According to a new study published in Nature, one generation would be sufficient for the oceans to heal and return to their former glory.
The study uses evidence from successful conservation interventions around the globe to suggest that the oceans’ health could be restored by 2050.
The mandatory measures require the protection of large marine areas, sustainable fishing and pollution control, with costs equal to several billion dollars a year – but which would bring considerable benefits (10 times higher). The fate of the seas would therefore not be sealed. .
The study highlights how worldwide fishing is becoming increasingly sustainable and how the destruction of the marine habitat has stopped almost completely, with a large area being recovered from Florida to the Philippines. This has led to several positive news, such as the migration of whales from Antarctica to Australia and an increase in theit population from a few hundred in the 60s to approximately 40,000 specimens today. The number of sea otters in Canada has also increased from a few dozen in the 1980s to around a thousand and seal and cormorant populations are also on the rise thanks to our more recent preservation efforts.
However the situation is still not entirely stable, especially when it comes to pollution. As the research points out, contamination by factories and the spillage of plastic waste are still a huge problem, as is the rise in temperature and uncontrolled wild fishing, which still takes place in some areas.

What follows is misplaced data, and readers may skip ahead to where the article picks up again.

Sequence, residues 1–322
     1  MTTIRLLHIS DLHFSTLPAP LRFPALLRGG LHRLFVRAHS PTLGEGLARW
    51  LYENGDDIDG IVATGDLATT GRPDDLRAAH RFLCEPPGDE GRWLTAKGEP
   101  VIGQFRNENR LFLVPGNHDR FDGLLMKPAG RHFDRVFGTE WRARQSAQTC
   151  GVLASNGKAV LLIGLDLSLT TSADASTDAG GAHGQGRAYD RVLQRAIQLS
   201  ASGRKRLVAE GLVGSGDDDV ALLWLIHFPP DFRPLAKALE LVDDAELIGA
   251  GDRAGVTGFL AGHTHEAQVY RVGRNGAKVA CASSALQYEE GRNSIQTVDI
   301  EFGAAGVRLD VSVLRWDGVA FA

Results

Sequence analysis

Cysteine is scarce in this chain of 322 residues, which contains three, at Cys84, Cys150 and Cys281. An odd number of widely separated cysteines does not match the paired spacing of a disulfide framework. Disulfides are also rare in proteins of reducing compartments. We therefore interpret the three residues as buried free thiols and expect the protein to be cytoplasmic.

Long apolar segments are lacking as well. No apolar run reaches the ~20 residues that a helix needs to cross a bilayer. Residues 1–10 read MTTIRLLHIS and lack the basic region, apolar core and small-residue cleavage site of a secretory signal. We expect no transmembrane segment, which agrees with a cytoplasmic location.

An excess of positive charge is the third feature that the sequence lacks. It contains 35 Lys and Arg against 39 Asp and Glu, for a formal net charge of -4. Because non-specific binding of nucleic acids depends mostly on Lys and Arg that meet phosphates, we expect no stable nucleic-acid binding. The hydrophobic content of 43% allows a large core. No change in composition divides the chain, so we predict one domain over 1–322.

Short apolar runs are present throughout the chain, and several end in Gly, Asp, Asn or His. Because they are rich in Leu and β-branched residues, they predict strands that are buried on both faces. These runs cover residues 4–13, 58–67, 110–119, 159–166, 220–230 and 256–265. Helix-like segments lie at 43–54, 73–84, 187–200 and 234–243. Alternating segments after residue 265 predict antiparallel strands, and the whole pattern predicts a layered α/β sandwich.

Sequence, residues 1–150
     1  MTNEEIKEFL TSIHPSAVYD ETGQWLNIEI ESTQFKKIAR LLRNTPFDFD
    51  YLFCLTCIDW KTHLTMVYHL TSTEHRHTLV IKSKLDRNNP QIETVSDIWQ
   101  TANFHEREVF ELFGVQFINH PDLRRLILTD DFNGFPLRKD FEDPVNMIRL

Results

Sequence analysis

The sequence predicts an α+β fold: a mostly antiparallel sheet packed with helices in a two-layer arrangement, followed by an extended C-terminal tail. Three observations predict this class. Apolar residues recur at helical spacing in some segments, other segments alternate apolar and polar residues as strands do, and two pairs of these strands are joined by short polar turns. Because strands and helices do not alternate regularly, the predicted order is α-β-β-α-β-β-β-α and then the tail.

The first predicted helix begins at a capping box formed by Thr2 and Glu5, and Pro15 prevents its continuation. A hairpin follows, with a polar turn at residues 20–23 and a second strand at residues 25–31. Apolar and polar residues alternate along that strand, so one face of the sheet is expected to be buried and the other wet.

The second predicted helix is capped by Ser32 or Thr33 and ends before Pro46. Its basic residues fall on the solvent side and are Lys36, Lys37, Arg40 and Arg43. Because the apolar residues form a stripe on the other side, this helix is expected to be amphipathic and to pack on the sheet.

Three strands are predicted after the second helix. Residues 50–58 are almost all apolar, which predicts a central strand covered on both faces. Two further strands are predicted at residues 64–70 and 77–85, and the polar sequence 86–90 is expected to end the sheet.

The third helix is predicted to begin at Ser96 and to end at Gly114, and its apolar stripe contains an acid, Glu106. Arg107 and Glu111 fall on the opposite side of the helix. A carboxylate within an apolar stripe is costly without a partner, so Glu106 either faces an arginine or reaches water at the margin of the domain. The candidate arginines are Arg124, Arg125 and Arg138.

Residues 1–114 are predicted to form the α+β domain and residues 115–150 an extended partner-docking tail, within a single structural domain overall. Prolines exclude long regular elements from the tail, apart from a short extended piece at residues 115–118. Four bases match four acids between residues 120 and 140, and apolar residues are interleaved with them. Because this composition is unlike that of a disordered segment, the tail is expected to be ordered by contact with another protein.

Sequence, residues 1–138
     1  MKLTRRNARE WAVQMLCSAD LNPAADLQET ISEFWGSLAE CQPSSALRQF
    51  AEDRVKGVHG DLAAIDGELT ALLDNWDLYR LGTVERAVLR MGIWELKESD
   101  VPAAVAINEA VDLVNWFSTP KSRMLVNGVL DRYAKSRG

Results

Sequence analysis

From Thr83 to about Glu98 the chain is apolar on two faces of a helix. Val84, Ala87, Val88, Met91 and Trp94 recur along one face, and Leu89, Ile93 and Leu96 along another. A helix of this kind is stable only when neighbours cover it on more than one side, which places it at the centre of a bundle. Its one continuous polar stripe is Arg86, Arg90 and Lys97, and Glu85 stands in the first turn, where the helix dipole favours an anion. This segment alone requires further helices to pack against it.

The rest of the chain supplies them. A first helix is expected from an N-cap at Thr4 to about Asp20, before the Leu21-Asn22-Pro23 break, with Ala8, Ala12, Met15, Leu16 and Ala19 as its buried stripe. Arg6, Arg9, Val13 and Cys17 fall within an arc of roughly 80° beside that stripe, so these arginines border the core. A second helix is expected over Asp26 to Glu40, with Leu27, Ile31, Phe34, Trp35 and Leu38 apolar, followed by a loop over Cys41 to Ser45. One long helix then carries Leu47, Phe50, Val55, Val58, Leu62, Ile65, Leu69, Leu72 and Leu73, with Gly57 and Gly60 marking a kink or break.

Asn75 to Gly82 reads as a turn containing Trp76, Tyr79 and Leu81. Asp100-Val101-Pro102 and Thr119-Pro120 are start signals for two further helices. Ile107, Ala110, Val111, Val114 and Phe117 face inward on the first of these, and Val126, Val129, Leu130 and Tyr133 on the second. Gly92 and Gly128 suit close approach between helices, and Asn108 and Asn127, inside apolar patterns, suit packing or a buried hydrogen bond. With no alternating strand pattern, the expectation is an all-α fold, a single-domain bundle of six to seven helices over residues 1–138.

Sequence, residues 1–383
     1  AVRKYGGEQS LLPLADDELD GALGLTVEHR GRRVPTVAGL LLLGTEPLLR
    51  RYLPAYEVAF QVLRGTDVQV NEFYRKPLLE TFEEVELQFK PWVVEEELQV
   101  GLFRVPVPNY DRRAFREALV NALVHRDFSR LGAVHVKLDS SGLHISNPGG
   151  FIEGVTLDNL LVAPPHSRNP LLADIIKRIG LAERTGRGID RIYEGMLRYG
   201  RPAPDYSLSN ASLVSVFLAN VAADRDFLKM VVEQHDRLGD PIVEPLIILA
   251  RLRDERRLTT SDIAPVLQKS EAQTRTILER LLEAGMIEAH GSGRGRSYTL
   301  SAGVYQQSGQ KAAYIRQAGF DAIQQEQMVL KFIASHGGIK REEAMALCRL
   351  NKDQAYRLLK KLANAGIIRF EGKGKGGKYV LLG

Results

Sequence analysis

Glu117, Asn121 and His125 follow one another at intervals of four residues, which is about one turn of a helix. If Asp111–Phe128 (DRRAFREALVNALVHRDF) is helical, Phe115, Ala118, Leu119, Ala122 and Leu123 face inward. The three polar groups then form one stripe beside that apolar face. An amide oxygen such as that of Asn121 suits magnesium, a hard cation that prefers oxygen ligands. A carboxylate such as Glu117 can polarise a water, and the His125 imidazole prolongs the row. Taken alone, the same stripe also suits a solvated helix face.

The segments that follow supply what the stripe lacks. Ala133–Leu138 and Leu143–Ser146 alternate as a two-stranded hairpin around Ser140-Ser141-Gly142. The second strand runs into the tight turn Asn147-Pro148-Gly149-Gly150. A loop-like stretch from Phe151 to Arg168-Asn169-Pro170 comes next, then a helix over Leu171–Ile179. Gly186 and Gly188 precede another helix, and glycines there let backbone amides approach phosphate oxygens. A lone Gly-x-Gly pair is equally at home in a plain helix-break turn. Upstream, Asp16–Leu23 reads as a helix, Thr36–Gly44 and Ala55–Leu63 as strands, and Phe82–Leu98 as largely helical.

Co-author of the study, Professor Callum Roberts from the Department of Environment and Geography at the University of York, said: “The success of many marine conservation projects in recent years illustrates how we can make a real difference to life in our oceans if we apply the lessons learnt from them at scale and with urgency.
“Over-fishing and climate change are tightening their grip, but there is hope in the science of restoration. We now have the skills and expertise to be able to restore vital marine habitats such as oyster reefs, mangrove swamps and salt marshes—which keep our seas clean, our coasts protected and provide food to support entire ecosystems.”
“Science gives us reason to be optimistic about the future of our oceans,” Roberts added.
The study involved some of the world’s leading marine scientists working across four continents, in 10 countries and from 16 universities. It uses evidence from successful conservation interventions around the globe to recommend crucial steps the international community can take to restore the abundance of marine life.